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The services of ecological systems and the natural capital stocksthat produce them are critical to the functioning of the Earth’s life-support system. They contribute to human welfare, both directly and indirectly, and therefore represent part of the total economic value of the planet.We have estimated the current economic value of 17 ecosystem services for 16 biomes, based on published studies and a few original calculations. For the entire biosphere, the value (most of which is outside the market) is estimated to be in the range of US$16–54 trillion (1012) per year, with an average of US$33trillion per year. Because of the nature of the uncertainties, thismust be considered a minimum estimate. Global gross national product total is around US$18 trillion per year.
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The largest damming project to date, the Three Gorges Dam has been built along the Yangtze River (China), the most species-rich river in the Palearctic region. Among 162 species of fish inhabiting the main channel of the upper Yangtze, 44 are endemic and are therefore under serious threat of global extinction from the dam. Accordingly, it is urgently necessary to develop strategies to minimize the impacts of the drastic environmental changes associated with the dam. We sought to identify potential reserves for the endemic species among the 17 tributaries in the upper Yangtze, based on presence/absence data for the 44 endemic species. Potential reserves for the endemic species were identified by characterizing the distribution patterns of endemic species with an adaptive learning algorithm called a “self-organizing map” (SOM). Using this method, we also predicted occurrence probabilities of species in potential reserves based on the distribution patterns of communities. Considering both SOM model results and actual knowledge of the biology of the considered species, our results suggested that 24 species may survive in the tributaries, 14 have an uncertain future, and 6 have a high probability of becoming extinct after dam filling.
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The function and services are the important components of the life-support system in the planet, as well as the basic elements for sustainable development of environment and society. It is a must to evaluate it for incorporating it with the social-economic system. It is also an important approach to draw the public attention on the environmental and ecosystem conservation. In this study, the ecosystem function and services in China were estimated by employing the classification and economic parameters from Costanza et al. The type and area of terrestrial ecosystems were extracted from Vegetation Map of China (1:4 000 OOO), and then the distribution map of ecosystem services of China was drawn. According to our calculation, the total value of ecosystem services in China is 77 834.48×108 RMB yuan per annum. The value for terrestrial ecosystem is 56 098.46×108 yuan per annum, and that for marine ecosystem is 21 736.02×108 yuan per annum. The value of ecosystem services in China is 1.73 times bigger than GDP in 1994. The value for forest ecosystem services is 15 433.98×8 yuan per annum, which is 27.51% of the total annual ecosystem services in China. Although wetland is little in area, its ecosystem service value is huge, which is 26 736.9×8 yuan per annum. The value for grassland ecosystem is 8 697.68×8 yuan per annum. Coastal ecosystem service is 12 223.04×8 yuan per annum. Overall, the ecosystem service in China contributes 2.71% to that of our planet. The estimation method employed in this study was a conservative one, and should be improved in the future studies.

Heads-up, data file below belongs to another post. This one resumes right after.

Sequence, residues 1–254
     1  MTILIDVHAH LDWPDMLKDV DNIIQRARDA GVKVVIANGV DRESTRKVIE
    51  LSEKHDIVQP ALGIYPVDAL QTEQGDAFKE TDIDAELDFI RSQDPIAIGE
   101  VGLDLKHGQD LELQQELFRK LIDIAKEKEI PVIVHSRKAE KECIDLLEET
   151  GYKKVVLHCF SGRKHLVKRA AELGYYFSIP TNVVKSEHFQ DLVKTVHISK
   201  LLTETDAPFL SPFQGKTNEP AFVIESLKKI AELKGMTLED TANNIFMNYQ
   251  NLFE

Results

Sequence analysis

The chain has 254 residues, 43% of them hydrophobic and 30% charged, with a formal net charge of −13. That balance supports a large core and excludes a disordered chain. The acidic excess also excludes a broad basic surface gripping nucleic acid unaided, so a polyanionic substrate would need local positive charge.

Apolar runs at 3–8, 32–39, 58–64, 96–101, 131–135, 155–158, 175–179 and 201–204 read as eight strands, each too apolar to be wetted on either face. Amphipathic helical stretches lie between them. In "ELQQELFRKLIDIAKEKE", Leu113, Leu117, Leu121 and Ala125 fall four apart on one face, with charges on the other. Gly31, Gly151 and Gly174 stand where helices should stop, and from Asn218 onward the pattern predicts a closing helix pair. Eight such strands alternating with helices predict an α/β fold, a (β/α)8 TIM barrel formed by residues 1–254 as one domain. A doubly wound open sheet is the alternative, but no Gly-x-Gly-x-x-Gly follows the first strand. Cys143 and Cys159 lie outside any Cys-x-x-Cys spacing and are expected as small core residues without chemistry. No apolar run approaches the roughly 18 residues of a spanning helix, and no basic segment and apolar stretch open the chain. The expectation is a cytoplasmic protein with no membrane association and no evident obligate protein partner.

Introduction Major Factors Shaping China's Physical Geographical Environment Climatic Features of China Geomorphological Features of China Surface Water and Ground Water Soil Geography Biogeography of China Comprehensive Physical Regionalization and Land Classification in China Humid and Subhumid Temperate Northeast China Humid and Subhumid Warm- temperate North China Humid Subtropical Central China and South China Humid Tropical South China Temperate Grassland of Nei Mongol Temperate and Warm-temperate Desert of Northwest China The Qinghai-Xizang Plateau A Glossary of Geographic Place Names Climatic Statistics for 20 Selected Stations.
This study investigates the sediment fluxes through the Yellow River sediment routing system, which are among the largest in the world, by constructing a sediment budget of the system over the period from 1855 to 1968. The framework of the sediment budget includes four functional units with the upper and middle reaches of the river as the sediment source and its lower reaches, its delta, and the deep sea as the sediment sinks. Sediment yield from the source and amounts of deposition in the lower Yellow River and the modern Yellow River delta were estimated for completing the sediment budget. The sediment budget produced for the period from 1855 to 1968 was characterized by a sediment input of 1.837 × 1011 tonnes and a distribution of the sediment between the lower Yellow River, the delta, and the deep sea of 64%, 33%, and 3%, respectively. The details of the sediment budget show that the importance of sedimentation in the lower Yellow River changed greatly with variations in the condition of the dykes and other human activities. A comparison of the sediment budgets of the delta for different timescales shows that the proportion of sediment dispersed to the deep sea decreases as the timescale over which the sediment fluxes are investigated increases.
Wetlands are considered multi-functional ecosystems with important protection and use functions. However, before the 1980s, wetlands in the middle reaches of the Yangtze River, China were mainly reclaimed as paddy fields. In wetland restoration since 1998, there has been an urgent need to develop ecological industry substitutes that are economically efficient while having no negative effects on wetland ecology. Based on the research projects conducted in this region, five industry options were recommended, including 1) growing hydrophytes with high economic value, 2) raising livestock on the seasonal grasslands, 3) planting commercial seasonal vegetables, 4) developing aquaculture in the low-lying paddy fields, and 5) ecological tourism. Policies promoting these industries were aimed at solving problems concerning 1) input shortages and local farmers’ unfamiliarity with required agricultural technologies and 2) integrated use of the regional ecological environment with wildlife protection.